Mud-tainted waters push over river banks into Madagascar's crop lands and villages in the wake of Tropical Cyclone Gafilo According to the www.reliefweb.int/w/rwb.nsf/UNID/CA1C1B3291F8A54185256E5500648837?OpenDocument UN Office for the Coordination of Humanitarian Affairs , widespread flooding is causing more damage than Gafilo's 72 mile-per-hour winds. Flood waters have inundated some of Madagascar's major rice-growing areas, and the crop is not expected to survive. Other crops, previously damaged by Cyclone Elita in February, are also in bad shape. Another immediate concern is access to fresh water. Many communities rely on shallow wells, which are easily contaminated in such floods. As the flood waters recede, water born diseases such as malaria may also become a significant problem.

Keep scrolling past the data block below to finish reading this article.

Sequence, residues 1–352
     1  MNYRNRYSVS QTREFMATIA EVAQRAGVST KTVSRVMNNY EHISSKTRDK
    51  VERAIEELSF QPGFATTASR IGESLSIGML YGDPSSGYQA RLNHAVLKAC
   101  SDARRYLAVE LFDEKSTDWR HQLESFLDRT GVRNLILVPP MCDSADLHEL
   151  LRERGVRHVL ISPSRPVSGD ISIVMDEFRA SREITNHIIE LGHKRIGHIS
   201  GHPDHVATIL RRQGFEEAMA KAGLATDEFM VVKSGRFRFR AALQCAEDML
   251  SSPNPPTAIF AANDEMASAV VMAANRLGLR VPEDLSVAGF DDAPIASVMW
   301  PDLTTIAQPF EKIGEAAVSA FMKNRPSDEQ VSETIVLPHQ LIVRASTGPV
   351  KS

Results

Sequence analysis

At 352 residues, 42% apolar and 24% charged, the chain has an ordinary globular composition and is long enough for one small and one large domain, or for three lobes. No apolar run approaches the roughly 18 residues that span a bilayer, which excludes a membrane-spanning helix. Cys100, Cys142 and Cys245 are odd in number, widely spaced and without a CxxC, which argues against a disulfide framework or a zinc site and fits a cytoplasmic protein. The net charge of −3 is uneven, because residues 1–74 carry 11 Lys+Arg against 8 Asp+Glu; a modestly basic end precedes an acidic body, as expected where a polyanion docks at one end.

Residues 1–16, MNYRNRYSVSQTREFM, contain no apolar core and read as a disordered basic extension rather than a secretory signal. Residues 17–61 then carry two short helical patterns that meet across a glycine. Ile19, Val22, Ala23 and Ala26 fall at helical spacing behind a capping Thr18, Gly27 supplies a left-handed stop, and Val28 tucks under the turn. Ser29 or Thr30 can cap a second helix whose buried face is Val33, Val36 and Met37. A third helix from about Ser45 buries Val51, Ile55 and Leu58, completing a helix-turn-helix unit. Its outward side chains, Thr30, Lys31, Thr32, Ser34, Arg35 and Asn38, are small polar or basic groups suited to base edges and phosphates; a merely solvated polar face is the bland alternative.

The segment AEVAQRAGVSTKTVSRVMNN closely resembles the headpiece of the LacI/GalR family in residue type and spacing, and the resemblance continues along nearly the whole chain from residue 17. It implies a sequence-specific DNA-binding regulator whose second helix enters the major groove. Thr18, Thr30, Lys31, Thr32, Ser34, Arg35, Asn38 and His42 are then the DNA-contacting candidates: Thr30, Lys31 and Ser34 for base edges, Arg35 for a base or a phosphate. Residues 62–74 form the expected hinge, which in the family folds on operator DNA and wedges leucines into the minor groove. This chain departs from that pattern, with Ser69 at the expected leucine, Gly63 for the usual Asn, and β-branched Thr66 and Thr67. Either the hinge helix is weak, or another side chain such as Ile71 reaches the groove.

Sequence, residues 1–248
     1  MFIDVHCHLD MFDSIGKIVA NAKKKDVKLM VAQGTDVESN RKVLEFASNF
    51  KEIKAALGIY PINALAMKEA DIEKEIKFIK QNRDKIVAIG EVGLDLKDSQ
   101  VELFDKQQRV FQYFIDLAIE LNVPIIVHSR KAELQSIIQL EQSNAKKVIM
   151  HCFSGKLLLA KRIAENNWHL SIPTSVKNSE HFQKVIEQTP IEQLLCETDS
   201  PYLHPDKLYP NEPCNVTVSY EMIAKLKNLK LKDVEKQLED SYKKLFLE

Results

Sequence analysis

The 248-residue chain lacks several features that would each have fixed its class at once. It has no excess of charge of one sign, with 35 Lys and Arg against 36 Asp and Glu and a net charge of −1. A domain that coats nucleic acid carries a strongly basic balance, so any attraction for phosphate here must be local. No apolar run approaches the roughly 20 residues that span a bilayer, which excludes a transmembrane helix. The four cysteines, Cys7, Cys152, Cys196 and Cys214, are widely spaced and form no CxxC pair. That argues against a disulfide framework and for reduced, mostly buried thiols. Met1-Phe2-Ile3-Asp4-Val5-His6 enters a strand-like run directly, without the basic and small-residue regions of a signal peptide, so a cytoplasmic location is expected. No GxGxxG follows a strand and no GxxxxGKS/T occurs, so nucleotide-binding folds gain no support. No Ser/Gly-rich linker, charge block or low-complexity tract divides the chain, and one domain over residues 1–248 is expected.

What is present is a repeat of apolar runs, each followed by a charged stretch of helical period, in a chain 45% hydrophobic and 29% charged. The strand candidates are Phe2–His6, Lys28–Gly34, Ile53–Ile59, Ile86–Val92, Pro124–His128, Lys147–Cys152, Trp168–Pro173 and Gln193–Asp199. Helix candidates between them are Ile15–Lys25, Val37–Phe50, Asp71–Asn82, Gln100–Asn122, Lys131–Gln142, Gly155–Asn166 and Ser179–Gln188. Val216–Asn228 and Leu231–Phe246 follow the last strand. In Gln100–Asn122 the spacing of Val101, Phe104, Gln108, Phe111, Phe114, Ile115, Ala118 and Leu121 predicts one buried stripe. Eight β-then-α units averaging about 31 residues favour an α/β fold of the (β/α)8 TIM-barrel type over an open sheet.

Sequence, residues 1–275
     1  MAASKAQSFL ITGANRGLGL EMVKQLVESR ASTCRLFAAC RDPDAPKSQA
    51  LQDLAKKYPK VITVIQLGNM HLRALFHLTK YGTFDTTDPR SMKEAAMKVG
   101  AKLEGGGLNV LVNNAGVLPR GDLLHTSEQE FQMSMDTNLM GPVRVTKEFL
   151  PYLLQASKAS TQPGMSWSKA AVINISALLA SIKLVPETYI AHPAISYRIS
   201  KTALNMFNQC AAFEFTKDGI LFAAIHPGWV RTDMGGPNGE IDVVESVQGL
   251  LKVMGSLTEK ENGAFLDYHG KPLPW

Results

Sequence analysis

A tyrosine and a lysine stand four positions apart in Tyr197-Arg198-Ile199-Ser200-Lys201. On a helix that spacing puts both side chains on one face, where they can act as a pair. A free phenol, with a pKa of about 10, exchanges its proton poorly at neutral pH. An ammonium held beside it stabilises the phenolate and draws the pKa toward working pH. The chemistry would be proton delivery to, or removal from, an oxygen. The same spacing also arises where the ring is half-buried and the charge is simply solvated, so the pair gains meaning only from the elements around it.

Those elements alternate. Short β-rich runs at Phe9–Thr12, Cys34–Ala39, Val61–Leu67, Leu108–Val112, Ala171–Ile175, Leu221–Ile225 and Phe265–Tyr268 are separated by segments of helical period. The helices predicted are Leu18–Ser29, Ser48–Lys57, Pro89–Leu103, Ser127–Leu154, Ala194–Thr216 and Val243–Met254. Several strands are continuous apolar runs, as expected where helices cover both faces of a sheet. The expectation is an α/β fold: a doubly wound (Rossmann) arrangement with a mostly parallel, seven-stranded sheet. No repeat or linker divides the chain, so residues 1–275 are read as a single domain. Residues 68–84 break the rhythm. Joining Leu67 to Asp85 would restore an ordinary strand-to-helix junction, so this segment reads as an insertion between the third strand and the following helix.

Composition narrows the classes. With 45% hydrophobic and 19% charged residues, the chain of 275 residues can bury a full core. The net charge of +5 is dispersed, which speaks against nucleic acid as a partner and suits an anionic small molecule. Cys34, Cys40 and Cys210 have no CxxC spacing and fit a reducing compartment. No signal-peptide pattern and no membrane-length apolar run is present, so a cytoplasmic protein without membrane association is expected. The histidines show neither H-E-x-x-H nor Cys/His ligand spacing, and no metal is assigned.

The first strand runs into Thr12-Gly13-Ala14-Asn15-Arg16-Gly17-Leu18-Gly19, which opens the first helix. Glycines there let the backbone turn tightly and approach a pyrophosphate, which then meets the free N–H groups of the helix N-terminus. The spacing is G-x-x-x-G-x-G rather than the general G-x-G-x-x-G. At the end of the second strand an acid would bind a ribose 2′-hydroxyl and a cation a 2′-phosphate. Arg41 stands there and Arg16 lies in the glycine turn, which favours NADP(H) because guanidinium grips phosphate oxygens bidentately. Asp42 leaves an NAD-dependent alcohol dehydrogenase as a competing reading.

This modis.gsfc.nasa.gov Moderate Resolution Imaging Spectroradiometer (MODIS) image was taken by the aqua.nasa.gov/ Aqua satellite on March 14, 2004, seven days after Gafilo came ashore. The image shows floods along the northwestern coast of the island. The high-resolution image provides a view of flooding on the entire island at MODIS' maximum resolution of 250 meters per pixel.
Image courtesy Jesse Allen, based on data from the rapidfire.sci.gsfc.nasa.gov MODIS Rapid Response Team at NASA GSFC
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